SSMU Executive Candidates Clash Over Student-Admin Relations

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Candidates for executive positions in SSMU took to the Lev Bukhman room on March 13th to introduce themselves and debate their positions. The debates lasted for about two hours and touched on topics ranging from the proposal for a student-run café to relations between students and the administration.

Those running for each position had one minute to introduce themselves before being faced with a series of surprise topics prepared by the moderators. Candidates also faced pre-screened questions from the audience, which were passed to the debate desk or sent via twitter.  “We’re going to have to screen them beforehand just because there have been arbitrary questions in the past,” said one moderator.

Debates for the position of VP External were scheduled first and passed quickly. With the withdrawal of Daniyal Naqvi, Sam Harris is running unopposed for the position. Harris noted that he plans to increase the visibility of the student federation TaCEQ and that he wants to work with student residences to make first-year students more considerate of the Milton-Parc community.

Tyler Hofmeister and Thomas Kim, the two candidates running for the position of VP Finance and Operations, debated in a discussion that largely focused on the accessibility of SSMU funds and the planning of a student-run café.

The establishment of a student-run café has been a popular cause on campus since the closing of the architecture café in 2010. Hofmeister said that the café would be a good opportunity for students to gain work experience and would provide a new study space on campus. “I really hope it isn’t a quiet study space just because it’s a cafe,” Kim countered. “The student-run café should add to campus life, not necessarily in a rowdy and rambunctious way but in a fun good way.”

Kim said his mandate would be making the position of VP Finance and Operations “more engaging” and improving face-to-face communication with SSMU clubs. Hofmeister agreed but argued that the main problem was making resources such as budget creation guides available online and having them be more up-to-date.

In the VP University Affairs debate, Sam Gregory and Joey Shea clashed over SSMU relations with the administration. In his introduction, Gregory promoted himself as a candidate with “realistic goals and solutions” who could “repair our relationship with the administration.” Shea, on the other hand, called for “better representativeness and real dialogue with the administration.”

Gregory called for more consultation fairs and less antagonism with regards to relations with the administration. Shea questioned the efficacy of consultation fairs and proposed that the new administrators be invited to SSMU general assemblies where they could speak and listen to students in a less contrived environment. “We can’t lose sight of our role to represent students while talking with the administration,” noted Shea.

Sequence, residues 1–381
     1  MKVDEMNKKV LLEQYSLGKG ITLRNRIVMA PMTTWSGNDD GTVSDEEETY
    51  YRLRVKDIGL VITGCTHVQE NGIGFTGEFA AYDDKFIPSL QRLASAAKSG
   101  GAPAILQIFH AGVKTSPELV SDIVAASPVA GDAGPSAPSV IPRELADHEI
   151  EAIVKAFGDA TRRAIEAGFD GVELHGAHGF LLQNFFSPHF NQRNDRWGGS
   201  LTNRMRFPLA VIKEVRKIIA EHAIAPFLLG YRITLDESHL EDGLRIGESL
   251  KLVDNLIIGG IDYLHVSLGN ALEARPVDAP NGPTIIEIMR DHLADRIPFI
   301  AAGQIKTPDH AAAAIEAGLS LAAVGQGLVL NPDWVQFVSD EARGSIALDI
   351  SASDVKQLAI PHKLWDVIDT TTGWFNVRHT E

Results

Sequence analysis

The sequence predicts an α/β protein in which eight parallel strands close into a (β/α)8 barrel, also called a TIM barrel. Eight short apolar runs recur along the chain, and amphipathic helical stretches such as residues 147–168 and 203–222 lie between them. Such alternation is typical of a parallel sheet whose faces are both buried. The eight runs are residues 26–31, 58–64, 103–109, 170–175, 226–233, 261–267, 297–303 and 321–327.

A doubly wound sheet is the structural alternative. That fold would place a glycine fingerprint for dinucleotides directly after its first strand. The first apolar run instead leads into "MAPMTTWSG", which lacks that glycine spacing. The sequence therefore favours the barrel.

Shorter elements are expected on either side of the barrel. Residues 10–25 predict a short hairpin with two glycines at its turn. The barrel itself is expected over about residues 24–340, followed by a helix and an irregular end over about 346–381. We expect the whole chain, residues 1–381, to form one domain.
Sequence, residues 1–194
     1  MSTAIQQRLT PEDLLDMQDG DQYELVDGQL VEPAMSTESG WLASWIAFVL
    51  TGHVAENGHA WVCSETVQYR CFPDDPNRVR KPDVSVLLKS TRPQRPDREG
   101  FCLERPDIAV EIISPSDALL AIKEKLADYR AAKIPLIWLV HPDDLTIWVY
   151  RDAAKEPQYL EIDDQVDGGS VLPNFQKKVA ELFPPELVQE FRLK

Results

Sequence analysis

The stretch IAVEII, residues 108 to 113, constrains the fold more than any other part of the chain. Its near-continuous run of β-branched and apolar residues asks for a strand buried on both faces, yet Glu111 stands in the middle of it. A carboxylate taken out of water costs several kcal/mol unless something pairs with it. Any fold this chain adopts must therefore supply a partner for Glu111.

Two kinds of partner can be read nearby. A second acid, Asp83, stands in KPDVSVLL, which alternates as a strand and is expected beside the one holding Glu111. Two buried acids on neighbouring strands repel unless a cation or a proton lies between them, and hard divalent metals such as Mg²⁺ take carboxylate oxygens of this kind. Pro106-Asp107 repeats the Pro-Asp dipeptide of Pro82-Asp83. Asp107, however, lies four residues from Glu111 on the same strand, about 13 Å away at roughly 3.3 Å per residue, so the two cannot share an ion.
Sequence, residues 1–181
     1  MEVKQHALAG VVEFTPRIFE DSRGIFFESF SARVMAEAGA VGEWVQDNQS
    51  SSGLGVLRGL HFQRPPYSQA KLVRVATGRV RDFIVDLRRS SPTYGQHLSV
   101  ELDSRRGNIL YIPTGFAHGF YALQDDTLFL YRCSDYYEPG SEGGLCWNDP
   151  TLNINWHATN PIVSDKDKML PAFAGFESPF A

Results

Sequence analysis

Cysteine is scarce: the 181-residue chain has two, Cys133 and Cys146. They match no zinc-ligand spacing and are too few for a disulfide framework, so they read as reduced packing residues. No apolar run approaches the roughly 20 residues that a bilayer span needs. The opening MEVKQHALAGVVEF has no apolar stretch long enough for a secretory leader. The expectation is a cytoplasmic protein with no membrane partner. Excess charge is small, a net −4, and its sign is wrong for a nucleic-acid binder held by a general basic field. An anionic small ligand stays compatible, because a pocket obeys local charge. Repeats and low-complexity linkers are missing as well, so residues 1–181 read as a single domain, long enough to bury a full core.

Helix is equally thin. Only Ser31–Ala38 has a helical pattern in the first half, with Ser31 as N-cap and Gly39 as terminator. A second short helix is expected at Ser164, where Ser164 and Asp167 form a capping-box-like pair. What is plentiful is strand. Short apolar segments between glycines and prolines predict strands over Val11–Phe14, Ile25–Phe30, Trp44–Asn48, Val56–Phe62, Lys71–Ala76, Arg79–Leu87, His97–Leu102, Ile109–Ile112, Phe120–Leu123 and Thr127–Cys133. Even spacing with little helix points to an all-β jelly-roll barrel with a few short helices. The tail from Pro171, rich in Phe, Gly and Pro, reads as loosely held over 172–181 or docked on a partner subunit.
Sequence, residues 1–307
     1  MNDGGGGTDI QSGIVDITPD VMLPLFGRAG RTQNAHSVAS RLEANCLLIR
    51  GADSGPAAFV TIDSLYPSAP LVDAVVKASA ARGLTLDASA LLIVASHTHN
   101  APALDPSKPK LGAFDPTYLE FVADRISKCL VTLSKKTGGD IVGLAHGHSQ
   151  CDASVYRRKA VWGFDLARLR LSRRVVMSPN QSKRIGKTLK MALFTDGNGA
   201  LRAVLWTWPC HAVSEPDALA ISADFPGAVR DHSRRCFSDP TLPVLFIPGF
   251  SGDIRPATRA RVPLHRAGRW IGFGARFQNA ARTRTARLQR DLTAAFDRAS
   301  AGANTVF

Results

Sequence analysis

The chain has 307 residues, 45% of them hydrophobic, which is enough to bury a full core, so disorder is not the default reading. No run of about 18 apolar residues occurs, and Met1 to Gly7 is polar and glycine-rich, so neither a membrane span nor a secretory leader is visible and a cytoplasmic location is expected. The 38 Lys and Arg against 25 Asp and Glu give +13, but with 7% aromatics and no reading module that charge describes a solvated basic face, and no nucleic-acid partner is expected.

Chris Bangs and Katie Larson capped off the night with the presidential debates, where the candidates were asked how they would balance the need to represent students with their need to work collegially with the administration as the only student on the Board of Governors.

Bangs suggested that SSMU should find methods of allowing for direct representation for student organizations on the Board of Governors, which became a point of contention between the candidates.

“I do agree that it is important to talk to the student organizations you mentioned,” explained Larson. “However, I think at the end of the day, as students there is a limit to how much we can force our way into things like the Board of Governors. That would be taking a hardline stance and that’s not going to work. I would prefer to work in a collaborative way.”

“I disagree,” countered Bangs. “I don’t think that just because we’re here for only three or four years or because we don’t have a degree yet that we’re any less valuable members of the community.”

The ongoing SSMU Building lease negotiations between SSMU and the administration were discussed in terms of which methods are most effective for negotiating with the administration. “I don’t know what’s going on behind closed doors, but three years is a long time to wait,” said Bangs. “And if McGill is going to pull the rug out from under us again, I’m not interested.”

“It is going somewhere,” Larson assured. “Obviously it’s frustrating but you have to know the reality of the space you’re working in. […] You have to compromise.”

An earlier version of this article incorrectly stated that the most effective methods to deal with the administration were discussed by the presidential candidates in terms of the student-run café, when they were in fact discussed in the context of the SSMU Building lease negotiations.

Voting in the SSMU elections is ongoing until Friday March 22nd. Make your voice heard at: https://ssmu.simplyvoting.com/

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